* The risk of water pollution from acid mine drainage. Acid mine drainage occurs when sulphide bearing minerals (such as pyrite) in coal measure mudstones or coal oxidise releasing sulphuric acid. The extent and severity of likely acid mine drainage is unknown because of limited investigatory work by the company.

* Discharges from the coal dewatering plant polluting Pike River.

* The very limited environmental investigation undertaken by the company and the major shortcomings in understanding of the mine's potential impacts and measures to address them. eg in their March 2003 newspaper supplement PRCC denies that acid mine drainage will occur.

* The "trust us" approach being adopted by the company. Their approach has been to seek consents and leave much of the mine design and other work till later so it cannot be scrutinised and reviewed as part of the consent process.

* Risk of subsidence and land slips over at least 300 ha of conservation land in the upper Pike catchment and on the plateau at the crest of the Paparoa Range. Severe subsidence and slumping has occurred at the Strongman Mine on the Paparoa Range to the south-west. This has includes a major landslide in Doherty Creek in 1998 and a slip in Waterfall Creek in 2002. Together these have dumped more than 60,000 cubic metres of material in Ten Mile Creek and created a 400 me lake. Mining there also occurred under steep slopes and escarpments.

* Damage to the integrity of the dramatic west-facing escarpment on the crest of the Paparoa Range which forms the boundary between conservation land and Paparoa National Park. Four tunnels and emergency exits are to be drilled through the escarpment. The company has not described the damage to be done by helipads, structures, vegetation clearance and helicopter activity associated with the exits. Underground mining too close to the escarpment also risks slumping and damage to it.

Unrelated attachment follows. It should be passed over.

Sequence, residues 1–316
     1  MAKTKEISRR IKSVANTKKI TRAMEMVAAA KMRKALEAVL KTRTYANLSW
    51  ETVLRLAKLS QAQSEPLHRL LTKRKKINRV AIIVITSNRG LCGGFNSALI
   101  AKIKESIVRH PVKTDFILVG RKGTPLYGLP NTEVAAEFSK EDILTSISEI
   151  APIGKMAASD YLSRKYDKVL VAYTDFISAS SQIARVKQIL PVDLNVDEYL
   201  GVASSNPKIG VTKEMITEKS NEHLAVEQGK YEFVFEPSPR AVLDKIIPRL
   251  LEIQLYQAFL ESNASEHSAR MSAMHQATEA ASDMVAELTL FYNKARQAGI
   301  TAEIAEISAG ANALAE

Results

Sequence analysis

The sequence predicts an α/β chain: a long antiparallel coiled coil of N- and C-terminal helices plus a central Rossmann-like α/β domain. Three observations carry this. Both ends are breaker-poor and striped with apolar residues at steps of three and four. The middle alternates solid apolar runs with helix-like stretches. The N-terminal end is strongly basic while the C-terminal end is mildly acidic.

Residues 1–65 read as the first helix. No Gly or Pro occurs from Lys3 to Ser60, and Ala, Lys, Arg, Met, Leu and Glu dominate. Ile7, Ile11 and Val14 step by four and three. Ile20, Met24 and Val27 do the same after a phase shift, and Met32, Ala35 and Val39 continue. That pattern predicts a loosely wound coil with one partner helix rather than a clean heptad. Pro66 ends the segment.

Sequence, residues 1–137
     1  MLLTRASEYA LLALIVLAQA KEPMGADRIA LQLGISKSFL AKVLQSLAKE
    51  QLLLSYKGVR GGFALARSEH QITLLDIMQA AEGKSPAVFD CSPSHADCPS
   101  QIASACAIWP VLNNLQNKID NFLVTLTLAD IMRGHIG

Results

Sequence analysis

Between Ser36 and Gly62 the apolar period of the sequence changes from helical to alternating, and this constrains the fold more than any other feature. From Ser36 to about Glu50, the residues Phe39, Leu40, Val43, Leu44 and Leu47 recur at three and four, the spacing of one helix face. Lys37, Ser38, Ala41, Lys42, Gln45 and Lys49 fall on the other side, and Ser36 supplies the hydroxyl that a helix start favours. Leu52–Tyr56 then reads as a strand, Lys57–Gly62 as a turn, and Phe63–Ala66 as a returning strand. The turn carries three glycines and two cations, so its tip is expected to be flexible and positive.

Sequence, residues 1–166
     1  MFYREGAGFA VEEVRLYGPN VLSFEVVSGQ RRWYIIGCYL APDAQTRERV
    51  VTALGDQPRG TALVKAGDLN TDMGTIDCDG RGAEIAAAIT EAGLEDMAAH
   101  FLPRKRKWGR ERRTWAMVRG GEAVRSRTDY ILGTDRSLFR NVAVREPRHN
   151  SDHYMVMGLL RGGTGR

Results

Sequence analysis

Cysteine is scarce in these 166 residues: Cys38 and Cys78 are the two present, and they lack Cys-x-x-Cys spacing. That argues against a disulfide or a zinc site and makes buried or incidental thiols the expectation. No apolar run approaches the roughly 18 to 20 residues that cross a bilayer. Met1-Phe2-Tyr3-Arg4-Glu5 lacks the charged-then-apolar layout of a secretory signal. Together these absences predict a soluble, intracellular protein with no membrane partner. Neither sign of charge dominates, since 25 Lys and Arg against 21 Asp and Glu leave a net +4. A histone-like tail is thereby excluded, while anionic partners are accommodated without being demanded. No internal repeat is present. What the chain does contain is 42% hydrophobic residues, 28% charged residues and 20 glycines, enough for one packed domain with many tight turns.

* Increased helicopter activity on the plateau associated with mining. The area is currently weed free with a high degree of naturalness and integrity. Regular landings, transport of people and equipment risk weed introduction, destruction of natural quiet, loss of remoteness and will compromise the current tramping experience.

* The inadequacy of proposed mitigation. As part of this $65 million project the company proposes to spend around $40,000 annually on limited stoat control in a narrow strip up Pike Stream (plus around $70,000 as part of the access agreement PRCC seeks from DoC) on blue duck somewhere else.

The company's original 1998 mining proposals were poorly researched and developed. Its 1998 consent applications were granted by Grey District and West Coast Regional Council in June 1999. DoC appealed the Council decisions to the Environment Court on the basis of inadequate information and inadequate assessment of potential effects.

After changing the location of major elements of the project, including the access road and mine entrance, PRCC had to apply for a suite of new resource consents from the Buller and Grey District Councils and West Coast Regional Council. The 2002 consent applications (granted by the Councils in late May 2003) will replace some but not all of the 1998 consents.

Information Forest and Bird has obtained under the Official Information Act indicates major information gaps in PRCC's access application to the Department of Conservation. The Minister allowed the company extra time to undertake a drilling programme on the crest of the Paparoa Range to obtain basic information about the geology and geochemistry of the Paparoa coal measures.

The company initially opposed the need to do such drilling but undertook it earlier this year. Forest and Bird understand that analysis of the results has yet to be completed.

Any claims of "delays" in the Minister's decision on access therefore, are of the company's making.